IN A SPEECH that can be properly described as presidential, Sen. Bob Dole has held to his belief in a policy of normal trading relations with China. His consistency was not without political purpose, for he contrasted it with President Clinton's "complete reversal" on this issue. As a candidate in 1992, he said, Mr. Clinton first described George Bush's policy of extending "most favored nation" trade status to China as "immoral" and then accepted it once he was in office.
The presumptive Republican presidential nominee held that Mr. Clinton's "conspicuous silence" on China trade policy had created a situation in which MFN will be a "tough sell" in Congress, where it is opposed by protectionists and human rights activists in both parties. He then proceeded to warn in terms far stronger than any heard from the White House that a refusal to extend current arrangements would set back U.S. relations with China two decades.
While Mr. Dole backed the administration's current move to impose trade sanctions on Beijing for violation of copyright FTC agreements on compact disc recordings, he chastised its reliance on unfulfilled threats in dealing with many foreign governments. "China is not Haiti and cannot be bullied by an American president," the Kansas senator declared, a remark likely to resonate among those who feel White House tough talk has encouraged protectionism.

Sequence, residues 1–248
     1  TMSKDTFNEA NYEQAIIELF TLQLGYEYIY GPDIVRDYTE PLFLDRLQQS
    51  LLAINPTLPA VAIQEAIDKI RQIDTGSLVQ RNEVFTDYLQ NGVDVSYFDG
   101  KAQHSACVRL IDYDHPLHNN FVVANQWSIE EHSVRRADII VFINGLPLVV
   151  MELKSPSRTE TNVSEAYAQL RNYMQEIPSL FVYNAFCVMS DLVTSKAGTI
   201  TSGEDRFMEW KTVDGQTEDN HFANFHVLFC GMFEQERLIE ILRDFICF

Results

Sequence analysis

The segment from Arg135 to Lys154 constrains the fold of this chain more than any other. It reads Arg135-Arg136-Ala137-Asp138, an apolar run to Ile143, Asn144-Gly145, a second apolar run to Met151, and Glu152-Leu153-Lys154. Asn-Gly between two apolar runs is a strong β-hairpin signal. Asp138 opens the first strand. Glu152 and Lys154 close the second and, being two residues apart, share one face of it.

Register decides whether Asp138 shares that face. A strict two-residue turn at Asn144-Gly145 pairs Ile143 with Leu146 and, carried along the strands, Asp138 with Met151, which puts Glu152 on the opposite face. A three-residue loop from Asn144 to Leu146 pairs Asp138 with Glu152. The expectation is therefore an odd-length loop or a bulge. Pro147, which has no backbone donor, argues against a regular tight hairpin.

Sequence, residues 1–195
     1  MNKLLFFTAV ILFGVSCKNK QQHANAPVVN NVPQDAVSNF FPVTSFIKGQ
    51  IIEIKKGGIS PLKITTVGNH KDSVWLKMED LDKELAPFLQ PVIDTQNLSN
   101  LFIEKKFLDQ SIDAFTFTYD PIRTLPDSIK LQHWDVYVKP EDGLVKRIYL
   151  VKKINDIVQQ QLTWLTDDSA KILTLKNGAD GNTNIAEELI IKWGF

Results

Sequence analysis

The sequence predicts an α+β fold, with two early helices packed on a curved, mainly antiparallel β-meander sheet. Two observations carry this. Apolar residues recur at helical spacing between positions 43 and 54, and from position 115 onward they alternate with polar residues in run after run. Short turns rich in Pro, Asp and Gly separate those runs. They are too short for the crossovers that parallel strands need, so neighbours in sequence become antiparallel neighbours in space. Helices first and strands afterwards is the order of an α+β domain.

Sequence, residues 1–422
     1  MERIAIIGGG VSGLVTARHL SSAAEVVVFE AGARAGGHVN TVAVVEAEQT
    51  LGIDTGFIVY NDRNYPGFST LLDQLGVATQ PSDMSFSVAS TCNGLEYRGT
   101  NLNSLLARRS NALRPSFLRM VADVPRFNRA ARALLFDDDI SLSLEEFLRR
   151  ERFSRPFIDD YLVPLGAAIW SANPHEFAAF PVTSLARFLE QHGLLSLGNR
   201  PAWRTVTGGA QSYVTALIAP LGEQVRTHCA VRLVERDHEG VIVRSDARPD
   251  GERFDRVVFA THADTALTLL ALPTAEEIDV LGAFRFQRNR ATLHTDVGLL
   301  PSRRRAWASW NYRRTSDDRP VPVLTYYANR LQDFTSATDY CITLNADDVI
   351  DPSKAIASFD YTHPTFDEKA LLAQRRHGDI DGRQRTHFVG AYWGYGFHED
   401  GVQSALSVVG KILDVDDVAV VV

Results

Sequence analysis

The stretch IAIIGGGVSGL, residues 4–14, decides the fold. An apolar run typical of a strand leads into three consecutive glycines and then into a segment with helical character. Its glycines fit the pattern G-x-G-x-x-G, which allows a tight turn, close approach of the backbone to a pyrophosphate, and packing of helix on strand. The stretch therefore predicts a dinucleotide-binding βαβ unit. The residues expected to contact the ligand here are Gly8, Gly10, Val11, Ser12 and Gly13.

In standing firm behind the free trade sentiments of Ronald Reagan and George Bush, Senator Dole conveyed understanding if not sympathy for China's difficulties with Washington. Rebuking what he called the administration's "vacillation and inconsistency" on such matters as a visit of the Taiwan president to the United States and North Korea's push for nuclear weaponry, the GOP leader called for a coherent strategy in Asia.
His stand will not be popular with the likes of Pat Buchanan and Jesse Helms, who regularly push nationalist hot buttons in trying to goad the Republican Party toward protectionism. Mr. Dole conceded that increased trade is not a panacea but noted it already had corroded the central power of the Communist government, promoted the development of market forces, encouraged a reliance on foreign capital and imports and even brought democratic elections at the local level.
Senator Dole, in addressing Asia policy, went a long way toward seizing leadership on the China question from an administration that rushed to threaten sanctions in advance of his speech. And to his credit, he shunned one-upmanship in favor of statesmanship.
Pub Date: 5/10/96